Who’s Afraid of Virginia Woolf?
Beth Wilmurt as Martha, David Sinaiko as George. Megan Trout as Honey, Josh Schell as Nick. Photo: Pak Han.

Who’s Afraid of Virginia Woolf?

Shotgun Players, Berkeley, CA

Written by Edward Albee
Directed by Mark Jackson
Starring Beth Wilmurt, David Sinaiko, Josh Schell, Megan Trout
Through, November 13, 2016; in repertory through January 2017
https://shotgunplayers.org/

Fifty-four years after its Broadway debut, the award-winning “Who’s Afraid of Virginia Woolf?” by Edward Albee (1928-2016) hasn’t lost any of its strength and force. The alcohol-fueled psychological mêlée among George, Martha, Nick and Honey retains its full intensity and potency. Without the tight direction by Mark Jackson and the excellent performances by Beth Wilmurt, (Martha) David Sinaiko (George), Josh Schell (Nick) and Megan Trout (Honey), that might not have been the case. After all, in the wrong hands, the drama’s acrimony could easily be exaggerated into a SNL sketch. But no worries; this performance succeeds beyond expectations. I sat on the edge of my seat, totally engrossed during the entire three-act, three-hour performance.

After a university faculty party given by Martha’s father, the university president, long-married Martha and George are visited by a younger couple, Nick, a 28-year old university biologist and his unsophisticated wife, Honey. As the long night wears on, Martha and George bitterly attack each other’s psychological sensitivities with biting and sarcastic wit, as Nick and Honey first observe and finally participate in the virulent dissection of Martha and George’s marriage. Soon, the cracks in Nick and Honey’s own relationship are revealed, as the games that pit illusion against reality escalate to a dramatic climax.

Albee’s ingenious and erudite dialogue adds a dynamic and spirited flair to the drama. It’s delivered in a spontaneous and authentic way with characters interrupting each other in lifelike repartee. In this beautifully crafted play, one must listen carefully to grasp the multiple layers beneath the pathos of George and Martha.

Written during the U.S.’s transition from the slumbering 1950s to the heightening Cold War of the early 1960s, there are many political and sociological overtones to “Who’s Afraid of Virginia Woolf?” Aside from the obvious historical relevance of their names, George and Martha live in New Carthage, named after the warlike city-state that fell at the end of the Punic Wars in 146 BC. And George, a history professor (actually merely an assistant professor, as Martha reminds him) loses himself reading Spengler’s “The Decline of the West” while Martha and Nick sneak upstairs for a tryst.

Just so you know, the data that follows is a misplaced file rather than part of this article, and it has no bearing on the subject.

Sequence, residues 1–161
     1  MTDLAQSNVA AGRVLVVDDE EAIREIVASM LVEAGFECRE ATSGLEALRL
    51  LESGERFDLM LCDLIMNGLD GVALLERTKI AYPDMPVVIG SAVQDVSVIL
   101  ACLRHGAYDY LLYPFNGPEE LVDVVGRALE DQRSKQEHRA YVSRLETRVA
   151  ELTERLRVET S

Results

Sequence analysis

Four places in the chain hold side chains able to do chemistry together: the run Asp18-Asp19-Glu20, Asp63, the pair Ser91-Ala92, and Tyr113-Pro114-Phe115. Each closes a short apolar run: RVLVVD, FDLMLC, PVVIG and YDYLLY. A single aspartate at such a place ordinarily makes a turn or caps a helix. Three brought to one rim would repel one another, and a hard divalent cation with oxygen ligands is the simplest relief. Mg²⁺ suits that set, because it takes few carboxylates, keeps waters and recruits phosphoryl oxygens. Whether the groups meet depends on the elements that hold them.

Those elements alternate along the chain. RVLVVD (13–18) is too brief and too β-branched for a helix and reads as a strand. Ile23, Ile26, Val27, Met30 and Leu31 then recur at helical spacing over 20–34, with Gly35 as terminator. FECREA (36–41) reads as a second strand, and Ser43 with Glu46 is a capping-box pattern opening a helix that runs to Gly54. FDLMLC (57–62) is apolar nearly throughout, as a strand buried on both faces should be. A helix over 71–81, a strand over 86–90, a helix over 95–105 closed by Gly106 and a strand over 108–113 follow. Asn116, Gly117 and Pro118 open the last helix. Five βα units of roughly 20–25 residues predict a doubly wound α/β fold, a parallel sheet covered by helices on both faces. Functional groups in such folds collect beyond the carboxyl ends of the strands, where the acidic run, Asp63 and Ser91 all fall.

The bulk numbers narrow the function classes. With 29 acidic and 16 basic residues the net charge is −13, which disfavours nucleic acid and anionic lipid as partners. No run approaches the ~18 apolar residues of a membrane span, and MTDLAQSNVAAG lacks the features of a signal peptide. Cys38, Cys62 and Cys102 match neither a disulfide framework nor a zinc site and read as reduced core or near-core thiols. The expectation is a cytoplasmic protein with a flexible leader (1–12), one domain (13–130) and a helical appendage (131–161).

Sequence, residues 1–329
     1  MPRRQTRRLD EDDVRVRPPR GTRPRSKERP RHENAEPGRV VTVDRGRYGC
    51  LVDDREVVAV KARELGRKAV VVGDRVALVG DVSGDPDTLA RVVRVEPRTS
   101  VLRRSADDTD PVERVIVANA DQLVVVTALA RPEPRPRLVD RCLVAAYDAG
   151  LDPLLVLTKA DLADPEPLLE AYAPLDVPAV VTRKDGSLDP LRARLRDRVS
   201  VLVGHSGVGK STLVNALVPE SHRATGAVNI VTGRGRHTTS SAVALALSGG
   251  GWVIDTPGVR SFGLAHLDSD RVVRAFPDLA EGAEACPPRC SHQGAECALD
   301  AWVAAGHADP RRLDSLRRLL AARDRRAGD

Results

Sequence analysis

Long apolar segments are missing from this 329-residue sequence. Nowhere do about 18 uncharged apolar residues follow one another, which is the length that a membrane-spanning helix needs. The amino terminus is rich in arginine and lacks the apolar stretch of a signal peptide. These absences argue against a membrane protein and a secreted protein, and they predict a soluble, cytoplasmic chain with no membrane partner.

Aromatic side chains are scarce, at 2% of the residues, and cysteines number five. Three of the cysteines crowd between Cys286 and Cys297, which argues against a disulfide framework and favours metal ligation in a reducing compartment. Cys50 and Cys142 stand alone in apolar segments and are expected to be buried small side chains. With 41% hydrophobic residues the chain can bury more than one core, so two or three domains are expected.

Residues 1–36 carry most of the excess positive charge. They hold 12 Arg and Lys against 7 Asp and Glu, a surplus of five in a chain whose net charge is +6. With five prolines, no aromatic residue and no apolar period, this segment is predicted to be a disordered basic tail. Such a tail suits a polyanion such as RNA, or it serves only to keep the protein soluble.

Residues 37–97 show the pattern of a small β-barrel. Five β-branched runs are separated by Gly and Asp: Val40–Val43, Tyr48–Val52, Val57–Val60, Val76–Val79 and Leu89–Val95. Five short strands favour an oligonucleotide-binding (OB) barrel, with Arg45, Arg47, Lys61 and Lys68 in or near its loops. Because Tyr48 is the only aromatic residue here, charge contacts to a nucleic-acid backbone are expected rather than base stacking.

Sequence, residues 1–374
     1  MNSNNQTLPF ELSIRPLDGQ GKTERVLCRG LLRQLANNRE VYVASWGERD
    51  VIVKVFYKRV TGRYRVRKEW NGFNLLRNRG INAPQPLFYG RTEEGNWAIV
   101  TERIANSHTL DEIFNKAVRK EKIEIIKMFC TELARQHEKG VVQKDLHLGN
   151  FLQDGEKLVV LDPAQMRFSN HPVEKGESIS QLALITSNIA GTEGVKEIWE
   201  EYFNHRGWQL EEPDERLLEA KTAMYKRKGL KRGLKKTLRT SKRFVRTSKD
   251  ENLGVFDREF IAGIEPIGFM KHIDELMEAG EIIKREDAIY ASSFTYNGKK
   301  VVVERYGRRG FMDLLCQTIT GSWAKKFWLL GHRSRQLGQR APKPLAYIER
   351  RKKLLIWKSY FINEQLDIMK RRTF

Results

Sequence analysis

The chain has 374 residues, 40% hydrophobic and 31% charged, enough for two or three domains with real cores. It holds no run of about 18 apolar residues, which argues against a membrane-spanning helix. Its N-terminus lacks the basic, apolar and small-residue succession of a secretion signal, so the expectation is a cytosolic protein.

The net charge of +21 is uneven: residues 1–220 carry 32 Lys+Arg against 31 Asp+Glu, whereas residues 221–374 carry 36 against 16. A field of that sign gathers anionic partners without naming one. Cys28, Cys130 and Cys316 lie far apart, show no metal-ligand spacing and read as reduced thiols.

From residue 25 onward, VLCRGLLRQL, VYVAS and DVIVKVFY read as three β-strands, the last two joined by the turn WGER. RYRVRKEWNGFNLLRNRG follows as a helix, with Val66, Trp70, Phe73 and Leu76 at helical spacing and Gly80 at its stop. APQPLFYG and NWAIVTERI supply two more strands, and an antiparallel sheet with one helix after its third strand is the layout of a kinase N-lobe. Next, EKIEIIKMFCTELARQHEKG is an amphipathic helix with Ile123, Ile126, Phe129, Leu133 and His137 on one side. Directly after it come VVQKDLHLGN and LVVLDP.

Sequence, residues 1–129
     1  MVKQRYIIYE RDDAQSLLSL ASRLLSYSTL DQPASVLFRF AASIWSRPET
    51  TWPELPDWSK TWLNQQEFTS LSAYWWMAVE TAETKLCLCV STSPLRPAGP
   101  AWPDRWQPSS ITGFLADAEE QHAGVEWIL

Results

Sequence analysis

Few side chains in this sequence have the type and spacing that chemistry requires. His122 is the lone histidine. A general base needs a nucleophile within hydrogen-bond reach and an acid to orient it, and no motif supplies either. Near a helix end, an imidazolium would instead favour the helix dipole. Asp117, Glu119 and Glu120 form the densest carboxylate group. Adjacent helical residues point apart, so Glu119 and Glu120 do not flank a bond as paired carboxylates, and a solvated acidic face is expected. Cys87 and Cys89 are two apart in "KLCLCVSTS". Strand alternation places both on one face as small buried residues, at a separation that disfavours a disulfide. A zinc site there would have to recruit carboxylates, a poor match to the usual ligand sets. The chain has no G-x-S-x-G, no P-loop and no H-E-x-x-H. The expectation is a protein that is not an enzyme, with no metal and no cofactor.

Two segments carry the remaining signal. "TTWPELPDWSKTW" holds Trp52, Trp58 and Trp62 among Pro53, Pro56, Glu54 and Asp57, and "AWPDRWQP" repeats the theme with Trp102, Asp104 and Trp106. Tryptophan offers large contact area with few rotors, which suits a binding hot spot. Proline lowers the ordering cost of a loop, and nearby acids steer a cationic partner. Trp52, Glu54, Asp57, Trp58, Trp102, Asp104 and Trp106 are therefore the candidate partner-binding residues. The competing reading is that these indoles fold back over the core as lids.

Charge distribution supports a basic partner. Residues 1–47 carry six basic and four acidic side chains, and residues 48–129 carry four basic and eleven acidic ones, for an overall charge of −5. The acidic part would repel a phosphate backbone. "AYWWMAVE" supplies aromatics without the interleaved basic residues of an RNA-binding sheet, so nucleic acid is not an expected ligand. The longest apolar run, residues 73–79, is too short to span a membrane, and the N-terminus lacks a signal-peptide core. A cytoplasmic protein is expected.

Modern religion is also skewered by references to Honey’s father, “a Man of God,” who made tons of money courtesy of his generous followers. And Nick, the biologist, is criticized for splicing chromosomes that may create an uber-race. It’s the first time I’ve heard the word “scientist” used as a curse.

One aspect of the drama that completely passed me by when I saw the original production is the plight of the women characters. Now it seems so obvious that had bright and trenchant Martha been living today, she would have taken over the university’s presidency from her father or, at a minimum, she would have been running one of its academic departments. Instead, she devolved into an aimless, frustrated, lonely, self-hating alcoholic. Martha and Honey are primarily valued for their child-producing capabilities. Without children, they were considered, and considered themselves, inferior.

One word about the stage set. The light wood two-story backdrop works very well, especially the attractive main floor bar. The light wood stage is raised so high, however, that the actors must take a large awkward step to get on and off of it. I found that a bit disconcerting. Aside from some steps to aid the actors on and off the stage, a few chairs for the actors would have been nice. To have the characters sit on the floor or steps or have to stand for the three-hour production seemed to make them more uncomfortable than they already are. Perhaps that’s the idea, but it didn’t work for me.

In a 1966 interview, Edward Albee related seeing the words “Who’s Afraid of Virginia Woolf?” scrawled on a mirror in a West Village bar. He said: “When I started to write the play it cropped up in my mind again. And of course, who’s afraid of Virginia Woolf means who’s afraid of the big bad wolf . . . who’s afraid of living life without false illusions. And it did strike me as being a rather typical, university intellectual joke.”

Shotgun Players has done a brilliant job in producing “Who’s Afraid of Virginia Woolf?” Kudos to director Mark Jackson and actors Beth Wilmurt and David Sinaiko for capturing the essence of this complex, still vital drama. This is a great play extremely well done. I highly recommend it.

Emily S. Mendel

emilymendel@gmail.com
© Emily S. Mendel 2016 All Rights Reserved

This review originally appeared on Berkeleyside.com

San Francisco,
Emily S. Mendel, a writer and photographer, has been a regular contributor to culturevulture.net since 2006, where she reviews theater, art, film, television and destinations. Ending her 30-year law practice has given Ms. Mendel the time to indulge in her love of travel and the arts, and to serve as the theater reviewer for berkeleyside.com.